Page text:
Jaguar's iconic D-type Le Mans car is a classic for the well-heeled few: recent sale prices have exceeded £350,000, and with a race-winning provenance the price can easily top £1million. Few people ever get to drive one at all and still fewer get to drive them the way they were intended to be driven, on a race track.
But now Revival Motorsport, based at the Mallory Park race track in Leicestershire, is building D-type look-alikes and running a race series based around them – promising all the thrills of racing the real thing but without the worry of bending a piece of priceless history.
John Arnold and Justin Fleming are the two men behind the Revival ‘re-creations’. Arnold has been involved with motor sport for 30 years, most recently with his own historic race preparation business, Brooklands Motorsport, and he is also an MSA race instructor. Fleming has been racing successfully in the Proteus Powered by Jaguar Challenge and has provided the financial backing for the company, which is offering a series of race packages. You can buy your own car for around £40,000 and spend another £35,000 for a full season, or you can ‘arrive and drive’ at a race for £1700, or less if you commit to several races. Currently eight cars are signed up for the racing series and about a dozen have been built – some of them for road use, where road tyres and more passenger-friendly windscreen arrangements are fitted.
The Revival D-types are constructed in a completely different way to the original cars, with a Kevlar and glassfibre body on a tubular steel chassis instead of the D-type's stressed-skin 'tub'. Both cars, of course, use versions of the long-running Jaguar XK engine. D-type engines, with triple Weber carbs and dry-sump lubrication, were ultimately 3.8-litres and about 285bhp. The Revival cars use 4.2-litre engines from Series 3 XJ saloons, prepared by Rob Beere and fitted with Webers and old-style cam covers for that period look. The replicas need the 20bhp power advantage the larger capacity gives them, though, as they weigh in some 10 per cent heavier than the older car.
Some of that weight is accounted for by the use of E-type independent rear suspension rather than the original D-type’s rather unsophisticated beam axle. If anything the Revival machines’ more sophisticated rear suspension should give them a handling advantage over the real thing.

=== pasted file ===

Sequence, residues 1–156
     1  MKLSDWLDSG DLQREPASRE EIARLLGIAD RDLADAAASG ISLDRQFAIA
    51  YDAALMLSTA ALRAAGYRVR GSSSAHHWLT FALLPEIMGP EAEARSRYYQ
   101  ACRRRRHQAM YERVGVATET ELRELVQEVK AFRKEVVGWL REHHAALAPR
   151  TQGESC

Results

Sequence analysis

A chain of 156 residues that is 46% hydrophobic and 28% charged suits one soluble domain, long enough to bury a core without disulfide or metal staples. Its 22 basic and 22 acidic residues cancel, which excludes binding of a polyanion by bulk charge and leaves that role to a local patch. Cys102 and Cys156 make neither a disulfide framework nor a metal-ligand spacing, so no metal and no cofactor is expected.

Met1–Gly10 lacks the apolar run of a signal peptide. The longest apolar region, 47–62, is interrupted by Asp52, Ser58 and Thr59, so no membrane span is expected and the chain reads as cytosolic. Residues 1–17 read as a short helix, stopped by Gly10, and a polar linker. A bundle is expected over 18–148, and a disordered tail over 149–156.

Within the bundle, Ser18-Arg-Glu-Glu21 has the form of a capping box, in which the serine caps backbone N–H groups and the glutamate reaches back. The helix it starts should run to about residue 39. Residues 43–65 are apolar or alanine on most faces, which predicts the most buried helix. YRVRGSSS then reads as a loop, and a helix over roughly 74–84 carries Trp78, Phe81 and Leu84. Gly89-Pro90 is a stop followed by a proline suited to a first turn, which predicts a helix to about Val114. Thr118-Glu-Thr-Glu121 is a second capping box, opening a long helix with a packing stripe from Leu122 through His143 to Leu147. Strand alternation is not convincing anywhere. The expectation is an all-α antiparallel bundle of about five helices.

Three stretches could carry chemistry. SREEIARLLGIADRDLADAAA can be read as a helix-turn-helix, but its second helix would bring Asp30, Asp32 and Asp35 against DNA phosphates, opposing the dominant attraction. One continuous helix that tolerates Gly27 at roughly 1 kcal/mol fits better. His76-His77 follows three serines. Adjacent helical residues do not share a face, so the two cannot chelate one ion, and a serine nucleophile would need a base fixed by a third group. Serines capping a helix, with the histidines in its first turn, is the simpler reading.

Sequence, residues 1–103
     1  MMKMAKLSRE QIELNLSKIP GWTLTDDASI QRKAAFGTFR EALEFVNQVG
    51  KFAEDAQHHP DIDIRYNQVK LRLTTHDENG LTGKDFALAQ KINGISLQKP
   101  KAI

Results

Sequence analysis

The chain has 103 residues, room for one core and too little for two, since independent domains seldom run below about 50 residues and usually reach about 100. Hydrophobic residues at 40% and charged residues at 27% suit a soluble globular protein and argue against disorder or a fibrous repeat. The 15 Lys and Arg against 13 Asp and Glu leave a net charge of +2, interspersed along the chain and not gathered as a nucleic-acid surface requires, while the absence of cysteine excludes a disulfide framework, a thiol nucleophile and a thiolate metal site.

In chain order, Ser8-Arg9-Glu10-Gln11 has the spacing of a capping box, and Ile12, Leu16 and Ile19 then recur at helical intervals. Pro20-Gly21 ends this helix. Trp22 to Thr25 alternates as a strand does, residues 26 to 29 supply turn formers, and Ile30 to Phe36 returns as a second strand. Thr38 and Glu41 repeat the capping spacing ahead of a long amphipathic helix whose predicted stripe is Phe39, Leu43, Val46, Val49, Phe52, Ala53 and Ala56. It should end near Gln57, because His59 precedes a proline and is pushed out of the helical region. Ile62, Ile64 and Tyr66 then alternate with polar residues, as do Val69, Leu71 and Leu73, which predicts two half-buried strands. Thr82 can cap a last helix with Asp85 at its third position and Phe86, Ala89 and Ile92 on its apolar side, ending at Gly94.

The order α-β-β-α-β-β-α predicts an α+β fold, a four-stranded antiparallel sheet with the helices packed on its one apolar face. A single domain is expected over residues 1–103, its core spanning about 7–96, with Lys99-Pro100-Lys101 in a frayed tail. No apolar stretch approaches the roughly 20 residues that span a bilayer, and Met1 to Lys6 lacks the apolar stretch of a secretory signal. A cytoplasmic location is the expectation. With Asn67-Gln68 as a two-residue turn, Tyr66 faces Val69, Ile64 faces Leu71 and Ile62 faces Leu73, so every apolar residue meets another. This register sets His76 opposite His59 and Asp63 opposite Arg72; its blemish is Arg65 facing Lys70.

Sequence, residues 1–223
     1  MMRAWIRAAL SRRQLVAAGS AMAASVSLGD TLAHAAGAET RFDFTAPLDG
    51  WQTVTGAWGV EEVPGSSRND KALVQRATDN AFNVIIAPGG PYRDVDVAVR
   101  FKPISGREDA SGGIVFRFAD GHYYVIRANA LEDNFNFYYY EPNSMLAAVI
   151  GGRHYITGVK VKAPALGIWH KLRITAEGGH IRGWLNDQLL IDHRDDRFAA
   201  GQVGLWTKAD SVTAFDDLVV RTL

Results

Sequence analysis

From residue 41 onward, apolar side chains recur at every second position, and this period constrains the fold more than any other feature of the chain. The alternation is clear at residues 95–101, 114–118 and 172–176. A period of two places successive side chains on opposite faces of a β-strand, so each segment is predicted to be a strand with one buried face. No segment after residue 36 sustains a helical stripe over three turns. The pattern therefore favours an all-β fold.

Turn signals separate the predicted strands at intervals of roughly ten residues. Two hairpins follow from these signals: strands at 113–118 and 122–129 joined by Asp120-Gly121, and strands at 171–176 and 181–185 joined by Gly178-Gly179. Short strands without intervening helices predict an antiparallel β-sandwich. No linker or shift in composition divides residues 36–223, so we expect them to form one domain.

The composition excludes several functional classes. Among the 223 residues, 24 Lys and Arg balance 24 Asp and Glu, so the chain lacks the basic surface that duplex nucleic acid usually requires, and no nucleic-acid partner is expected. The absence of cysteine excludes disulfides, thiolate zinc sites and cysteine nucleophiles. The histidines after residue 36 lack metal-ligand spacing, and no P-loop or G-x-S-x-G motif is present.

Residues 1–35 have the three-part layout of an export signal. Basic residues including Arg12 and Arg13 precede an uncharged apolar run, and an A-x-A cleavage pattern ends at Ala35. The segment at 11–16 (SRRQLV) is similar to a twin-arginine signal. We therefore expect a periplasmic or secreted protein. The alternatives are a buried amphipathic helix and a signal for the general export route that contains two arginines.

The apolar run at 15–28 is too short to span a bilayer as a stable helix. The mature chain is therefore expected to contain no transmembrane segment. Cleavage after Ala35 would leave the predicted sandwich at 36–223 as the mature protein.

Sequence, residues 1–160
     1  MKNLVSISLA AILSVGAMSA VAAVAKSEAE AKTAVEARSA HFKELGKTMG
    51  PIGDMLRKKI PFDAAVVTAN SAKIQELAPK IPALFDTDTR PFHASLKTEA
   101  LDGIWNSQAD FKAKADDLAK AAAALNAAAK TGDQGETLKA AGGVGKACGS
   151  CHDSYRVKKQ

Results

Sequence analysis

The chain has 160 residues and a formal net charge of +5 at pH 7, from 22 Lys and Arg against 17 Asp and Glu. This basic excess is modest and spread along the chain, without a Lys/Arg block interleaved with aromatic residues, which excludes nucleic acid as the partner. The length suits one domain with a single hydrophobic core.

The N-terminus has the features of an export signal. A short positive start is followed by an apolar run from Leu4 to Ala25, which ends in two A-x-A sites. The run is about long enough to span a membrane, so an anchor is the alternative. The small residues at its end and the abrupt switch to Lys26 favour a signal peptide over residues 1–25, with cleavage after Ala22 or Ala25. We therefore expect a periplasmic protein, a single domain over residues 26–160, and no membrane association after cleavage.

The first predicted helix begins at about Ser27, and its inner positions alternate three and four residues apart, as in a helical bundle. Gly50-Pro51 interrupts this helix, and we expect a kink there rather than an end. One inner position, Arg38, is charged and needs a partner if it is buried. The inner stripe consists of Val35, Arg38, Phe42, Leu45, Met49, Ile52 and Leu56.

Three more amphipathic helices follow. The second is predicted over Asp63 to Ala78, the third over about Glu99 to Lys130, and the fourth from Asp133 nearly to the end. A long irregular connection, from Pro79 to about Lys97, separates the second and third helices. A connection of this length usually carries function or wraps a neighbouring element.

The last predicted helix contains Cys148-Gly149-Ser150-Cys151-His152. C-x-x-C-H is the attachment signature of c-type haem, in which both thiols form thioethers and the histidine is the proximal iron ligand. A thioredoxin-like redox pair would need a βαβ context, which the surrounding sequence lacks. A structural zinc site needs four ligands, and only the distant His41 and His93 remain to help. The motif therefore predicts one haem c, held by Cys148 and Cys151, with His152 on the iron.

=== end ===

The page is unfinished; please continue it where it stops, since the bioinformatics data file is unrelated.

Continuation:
A tiny door gives access to the Revival D's cramped cockpit. There's a wood-rimmed steering wheel, smaller than that of a real D-type, an alloy-topped gear-lever controlling five ratios (D-types only had four) and a simple black-crackle painted metal dash with recalibrated Jaguar V12 instruments and unlabelled switches. You might expect a big red starter button, but instead the engine is fired by twisting a tiny Wilmot Breedon key in the dash. The big straight-six fires instantly and settles to an even tickover.
In the bumpy pitlane the Revival D-type bounces you about in the seat, but it still imparts a feeling of impressive solidity with no rattles or squeaks. Out on track it changes direction neatly – there’s no lurch of the body to suggest inadequate damping or anti-roll bars that are too stiff – but this is a big, heavy machine that needs a classic slow in, fast out style.
That dainty-looking wood-rimmed steering wheel needs your arms and shoulders, not just your fingertips. Braking is hard work, too, because the system has no servo assistance. Despite that there's curiously little feel, making accurate braking more difficult. On the up side, modern brake materials and big Lynx discs at the front mean there’s little danger of fade.
The XK engine has plenty of mid-range torque, flattering the driver: even if you're caught in thr wrong gear, the Revival D still bounds forward with a glorious straight-six bellow from an exhaust that ends level with your ears, but on the passengers side of the car. At high speeds the exhaust note subsides, and all you can hear is the wind buffeting your helmet.
This is a serious car: don’t be fooled by the idea that it’s ‘just a replica’ and therefore nothing more than a jumped-up kit car. This is a serious tool, capable of 0-60mph in well under five seconds and a top speed in excess of 180mph. It's great fun, but it isn’t a forgiving, modern, hot hatch. It responds to skill, and demands respect – just like the D-types of old.
2003 Revival Motorsport D-type Specifications